Tonight is called Nos Galan Gaeaf in Wales, and is an ysbrydnos, or ‘spirit night’ when the dead walk abroad under the starry skies. Halloween is the most recent tradition associated with this night, known at one time as ‘All Hallows Eve’, but there were traditions that came before it, such as the old CelticContinue reading “Shakespeare’s Horns”
Tag Archives: druidry
Roland Barthes’ definition of myth
If, as many scholars have pointed out, The Four Branches of the Mabinogi are derived from an earlier mythology, it’s probably best to begin with the question: what exactly is a myth? In the Concise Oxford Dictionary, the first meaning given to a myth is . . . a traditional narrative usually involving supernatural orContinue reading “Roland Barthes’ definition of myth”
Taliesin’s Power at Court
The legendary poems from The Book of Taliesin give us a little window onto the less formal activities of Welsh medieval court bards. Most of these poems are dramatic pieces that were very likely performed by bards and declaimers adopting the dramatic persona of the legendary Taliesin. The differing ages of some of these poemsContinue reading “Taliesin’s Power at Court”
What does Annwfn mean?
In the Beirdd y Tywysogion series, the editors have interpreted a line by Cynddelw in the following way: In Annwfn, in the world, in the sea – . . . This doesn’t really make much sense, which leads me to consider alternative readings. It’s probably worth considering how court bards such as Cynddelw thought aboutContinue reading “What does Annwfn mean?”
Iolo Morganwg and Welsh mythology.
Today, we have far more accurate editions of old Welsh poetry and prose than ever, largely due to the growth of Welsh language university departments, sometimes with whole teams of post-graduate editors and researchers devoted to editing and understanding medieval texts. Even greats such as Dafydd ap Gwilym have found themselves caught up in theContinue reading “Iolo Morganwg and Welsh mythology.”
Taliesin and bardic learning
This audio clip is from a course on The Welsh Bardic Tradition, held at Aberystwyth University; I haven’t included the course notes as some of them are scans from a published books. This excerpt summarises some of the initial features of the Taliesin persona as found in The Book of Taliesin, and takes a quickContinue reading “Taliesin and bardic learning”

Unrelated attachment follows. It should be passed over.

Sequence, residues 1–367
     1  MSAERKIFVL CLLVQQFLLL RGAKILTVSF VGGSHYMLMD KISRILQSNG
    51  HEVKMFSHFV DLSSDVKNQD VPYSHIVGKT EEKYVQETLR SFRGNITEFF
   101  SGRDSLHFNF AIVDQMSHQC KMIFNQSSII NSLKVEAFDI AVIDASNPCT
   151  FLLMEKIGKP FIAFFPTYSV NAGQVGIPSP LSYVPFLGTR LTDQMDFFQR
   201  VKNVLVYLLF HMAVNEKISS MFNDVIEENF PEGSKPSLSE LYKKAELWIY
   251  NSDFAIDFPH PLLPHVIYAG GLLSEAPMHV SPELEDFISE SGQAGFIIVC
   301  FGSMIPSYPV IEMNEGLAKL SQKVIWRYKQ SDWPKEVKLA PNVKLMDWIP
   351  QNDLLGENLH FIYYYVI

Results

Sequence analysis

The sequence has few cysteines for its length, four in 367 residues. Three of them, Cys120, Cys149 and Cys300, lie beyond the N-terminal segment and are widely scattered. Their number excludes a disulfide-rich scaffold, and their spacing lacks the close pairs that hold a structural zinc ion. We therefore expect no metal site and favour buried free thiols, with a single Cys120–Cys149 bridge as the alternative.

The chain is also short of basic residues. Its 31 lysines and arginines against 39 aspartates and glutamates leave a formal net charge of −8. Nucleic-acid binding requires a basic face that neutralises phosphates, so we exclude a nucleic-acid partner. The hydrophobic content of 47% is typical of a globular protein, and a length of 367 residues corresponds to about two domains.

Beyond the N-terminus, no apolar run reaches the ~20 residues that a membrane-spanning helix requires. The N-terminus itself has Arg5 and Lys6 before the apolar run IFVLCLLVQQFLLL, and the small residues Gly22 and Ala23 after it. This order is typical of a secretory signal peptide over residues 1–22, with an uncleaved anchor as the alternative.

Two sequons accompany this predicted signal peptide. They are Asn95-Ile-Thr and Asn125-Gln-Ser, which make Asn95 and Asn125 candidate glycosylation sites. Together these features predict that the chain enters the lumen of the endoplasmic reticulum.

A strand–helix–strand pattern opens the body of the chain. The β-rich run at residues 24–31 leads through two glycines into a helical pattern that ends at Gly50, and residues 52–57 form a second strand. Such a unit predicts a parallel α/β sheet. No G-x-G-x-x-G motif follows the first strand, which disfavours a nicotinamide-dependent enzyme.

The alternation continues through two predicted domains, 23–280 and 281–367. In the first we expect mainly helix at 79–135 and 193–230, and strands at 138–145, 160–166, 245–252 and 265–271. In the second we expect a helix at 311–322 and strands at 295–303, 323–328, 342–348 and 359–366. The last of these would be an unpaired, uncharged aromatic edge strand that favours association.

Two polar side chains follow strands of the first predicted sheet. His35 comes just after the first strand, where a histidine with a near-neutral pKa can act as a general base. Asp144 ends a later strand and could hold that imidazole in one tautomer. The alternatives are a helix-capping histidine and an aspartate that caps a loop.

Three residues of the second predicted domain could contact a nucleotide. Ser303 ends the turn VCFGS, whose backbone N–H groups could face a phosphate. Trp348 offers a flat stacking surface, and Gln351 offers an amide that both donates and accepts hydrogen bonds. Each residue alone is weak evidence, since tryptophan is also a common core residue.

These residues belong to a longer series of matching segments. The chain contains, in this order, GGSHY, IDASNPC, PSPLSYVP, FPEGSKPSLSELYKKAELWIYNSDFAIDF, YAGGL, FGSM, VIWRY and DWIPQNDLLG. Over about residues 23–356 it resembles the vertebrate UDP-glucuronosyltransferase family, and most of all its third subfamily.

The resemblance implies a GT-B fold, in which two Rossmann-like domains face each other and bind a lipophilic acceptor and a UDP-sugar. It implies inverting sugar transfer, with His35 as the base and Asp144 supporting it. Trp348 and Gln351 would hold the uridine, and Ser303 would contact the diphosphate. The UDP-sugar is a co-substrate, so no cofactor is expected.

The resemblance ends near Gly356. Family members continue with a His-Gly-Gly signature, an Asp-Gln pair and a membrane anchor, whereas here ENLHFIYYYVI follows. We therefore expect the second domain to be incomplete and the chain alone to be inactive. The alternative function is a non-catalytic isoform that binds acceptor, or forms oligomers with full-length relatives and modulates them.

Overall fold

The ideal of bardic truth
This audio clip is from a course on The Welsh Bardic Tradition, held at Aberystwyth University, alongside an excerpt from the course notes. It looks at the life and early work of the greatest of the Gogynfeirdd, Cynddelw Brydydd Mawr during the time of the fall of the Kingdom of Powys. The Welsh Bardic Tradition weekContinue reading “The ideal of bardic truth”
This audio clip is from a course on The Welsh Bardic Tradition, held at Aberystwyth University, alongside an excerpt from the course notes. It summarises a discussion on a sequence of anonymous medieval gnomic stanzas from around 1100. Mountain Snow Excerpt text
To praise a noble bard
This audio clip is from a course on The Welsh Bardic Tradition, held at Aberystwyth University, alongside an excerpt from the course notes. It covers a medieval praise poem written around 1100 to Cuhelyn Fardd, a powerful nobleman and bard from West Wales. The poem itself reveals much about bardic culture and custom in medievalContinue reading “To praise a noble bard”
What is a Celtic bard?
Throughout the second half of the twelfth century, Cynddelw Brydydd Mawr served the most powerful Welsh princes as a court bard. He was paid generously by the nobility to praise them in poetry as legendary heroes. Even though they attended mainly to politics and the ever-present threat of attack, these warlords kept one eye onContinue reading “What is a Celtic bard?”